I long for the days before the Last Desolation.
The age before the Heralds abandoned us and the Knights Radiant turned against us. A time when there was still magic in the world and honor in the hearts of men.
The world became ours, and we lost it. Nothing, it appears, is more challenging to the souls of men than victory itself.
Or was that victory an illusion all along? Did our enemies realize that the harder they fought, the stronger we resisted? Perhaps they saw that the heat and the hammer only make for a better grade of sword. But ignore the steel long enough, and it will eventually rust away.
There are four whom we watch. The first is the surgeon, forced to put aside healing to become a soldier in the most brutal war of our time. The second is the assassin, a murderer who weeps as he kills. The third is the liar, a young woman who wears a scholar’s mantle over the heart of a thief. The last is the highprince, a warlord whose eyes have opened to the past as his thirst for battle wanes.
The world can change. Surgebinding and Shardwielding can return; the magics of ancient days can become ours again. These four people are key.
One of them may redeem us.
And one of them will destroy us.
Wow. Cryptic, isn’t it? This novel is what you’d call epic. It follows three people (plus flashbacks) through four parts, and one more character through the interludes, which are set between the parts. Each has different goals, and all are separated, though their paths and pasts do intertwine. Also in the interludes are characters you pretty much never see again that give little hints of information pertinent to the plot. That helps give the book a wider range, making it more of a world than the journeys of a few characters. The huge scope of the book makes it 1,252 pages in the paperback, but don’t let that deter you. The length is definitely an advantage.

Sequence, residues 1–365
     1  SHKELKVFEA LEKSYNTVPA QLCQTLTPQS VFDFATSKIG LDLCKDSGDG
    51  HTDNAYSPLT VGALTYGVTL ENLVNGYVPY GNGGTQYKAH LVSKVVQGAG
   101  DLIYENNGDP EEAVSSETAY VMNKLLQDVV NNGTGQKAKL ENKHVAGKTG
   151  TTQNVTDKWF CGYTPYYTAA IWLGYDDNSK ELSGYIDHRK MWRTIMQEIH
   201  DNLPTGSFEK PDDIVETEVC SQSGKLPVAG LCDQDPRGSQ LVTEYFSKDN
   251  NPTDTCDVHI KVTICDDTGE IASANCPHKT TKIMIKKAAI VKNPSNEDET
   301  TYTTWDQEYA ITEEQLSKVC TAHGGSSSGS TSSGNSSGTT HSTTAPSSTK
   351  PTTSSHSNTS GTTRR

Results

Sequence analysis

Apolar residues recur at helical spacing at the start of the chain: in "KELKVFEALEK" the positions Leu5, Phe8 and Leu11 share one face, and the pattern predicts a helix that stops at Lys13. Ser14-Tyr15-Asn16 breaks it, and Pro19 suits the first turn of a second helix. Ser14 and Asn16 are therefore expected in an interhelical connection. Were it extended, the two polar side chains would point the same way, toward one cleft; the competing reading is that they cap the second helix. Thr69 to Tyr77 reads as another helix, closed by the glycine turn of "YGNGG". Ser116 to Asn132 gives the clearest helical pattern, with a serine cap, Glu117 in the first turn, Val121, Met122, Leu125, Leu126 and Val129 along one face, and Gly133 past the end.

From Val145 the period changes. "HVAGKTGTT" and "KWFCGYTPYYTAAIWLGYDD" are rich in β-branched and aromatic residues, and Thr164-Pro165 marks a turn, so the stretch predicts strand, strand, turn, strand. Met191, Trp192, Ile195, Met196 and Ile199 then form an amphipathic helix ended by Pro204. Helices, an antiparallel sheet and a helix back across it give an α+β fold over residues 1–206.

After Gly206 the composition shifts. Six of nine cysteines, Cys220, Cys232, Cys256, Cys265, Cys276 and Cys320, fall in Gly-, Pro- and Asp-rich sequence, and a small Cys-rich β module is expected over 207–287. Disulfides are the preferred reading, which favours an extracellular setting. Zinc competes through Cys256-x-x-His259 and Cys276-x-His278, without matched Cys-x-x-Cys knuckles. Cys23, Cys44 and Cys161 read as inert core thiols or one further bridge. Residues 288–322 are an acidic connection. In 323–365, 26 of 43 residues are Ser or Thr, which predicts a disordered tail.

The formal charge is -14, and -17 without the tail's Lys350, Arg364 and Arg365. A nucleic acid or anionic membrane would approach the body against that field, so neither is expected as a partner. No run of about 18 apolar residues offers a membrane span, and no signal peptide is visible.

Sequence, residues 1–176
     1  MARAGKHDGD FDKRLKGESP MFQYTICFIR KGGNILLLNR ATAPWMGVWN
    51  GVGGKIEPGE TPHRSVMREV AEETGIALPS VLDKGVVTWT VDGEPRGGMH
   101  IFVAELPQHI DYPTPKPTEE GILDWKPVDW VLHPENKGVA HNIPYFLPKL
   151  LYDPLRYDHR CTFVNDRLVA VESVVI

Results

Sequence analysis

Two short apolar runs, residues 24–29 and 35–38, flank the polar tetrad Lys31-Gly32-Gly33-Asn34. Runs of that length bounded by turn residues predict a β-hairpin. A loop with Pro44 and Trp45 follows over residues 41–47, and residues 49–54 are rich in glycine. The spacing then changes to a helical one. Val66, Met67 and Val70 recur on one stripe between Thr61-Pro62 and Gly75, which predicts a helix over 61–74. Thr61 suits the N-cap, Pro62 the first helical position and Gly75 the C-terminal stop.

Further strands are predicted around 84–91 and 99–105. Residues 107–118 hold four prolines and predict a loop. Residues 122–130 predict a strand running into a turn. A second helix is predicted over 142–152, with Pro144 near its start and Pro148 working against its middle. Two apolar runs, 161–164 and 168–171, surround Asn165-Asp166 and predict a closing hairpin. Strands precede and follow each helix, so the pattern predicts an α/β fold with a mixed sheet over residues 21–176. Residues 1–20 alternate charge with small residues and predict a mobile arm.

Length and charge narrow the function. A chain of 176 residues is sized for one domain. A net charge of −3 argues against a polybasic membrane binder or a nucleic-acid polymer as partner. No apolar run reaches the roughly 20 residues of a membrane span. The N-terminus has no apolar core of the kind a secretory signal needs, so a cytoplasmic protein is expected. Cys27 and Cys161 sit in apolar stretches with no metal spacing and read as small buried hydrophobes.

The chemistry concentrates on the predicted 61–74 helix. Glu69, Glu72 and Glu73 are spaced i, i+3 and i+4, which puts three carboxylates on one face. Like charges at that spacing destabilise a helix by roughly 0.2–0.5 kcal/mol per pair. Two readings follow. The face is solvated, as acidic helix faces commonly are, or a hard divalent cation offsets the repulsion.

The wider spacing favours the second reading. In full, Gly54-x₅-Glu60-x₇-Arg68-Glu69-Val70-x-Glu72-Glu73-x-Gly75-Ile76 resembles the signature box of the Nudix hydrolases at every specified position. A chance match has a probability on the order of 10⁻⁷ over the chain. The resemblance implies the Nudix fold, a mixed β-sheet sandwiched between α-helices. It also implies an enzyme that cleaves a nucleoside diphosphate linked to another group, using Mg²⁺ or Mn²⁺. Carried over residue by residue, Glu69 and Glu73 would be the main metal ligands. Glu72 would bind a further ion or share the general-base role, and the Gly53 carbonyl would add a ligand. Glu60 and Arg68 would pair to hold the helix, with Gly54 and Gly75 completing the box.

Kaladin is the son of a surgeon who went to war. Now he’s headed to the Shattered Plains as a slave, with only an unusual windspren to keep him from madness.
Shallan is a scholar under proclaimed heretic Jasnah, but only because she needs to steal a religious artifact from the princess. She’s finding it difficult to enjoy her work while her family’s peril looms over her.
Dalinar is getting to be an old man, and fewer and fewer people are paying heed to his words, even though he’s sure the Almighty is speaking to him through visions. The other highprinces play their games on the Shattered Plains but forget their true goal of revenge for their king’s life.
Szeth kills, and hates it. Not that he can do anything about it. He’s the infamous assassin who killed the king.
There is way too much I could say about this book. Spren, highstorms, Parshendi, the King’s Wit (who is my favorite character, by the way), Syl, chasmfiends, bridgerunners. Be prepared to hypothesize and draw conclusions. Brandon Sanderson doesn’t hint here and there. He dumps the clues in like a 5-year-old with sprinkles, yet the ending and real connections surprise you every time. Don’t let this one get away.
Rated: Moderate for some intense battle scenes, very slight sexual innuendos, and lots of death.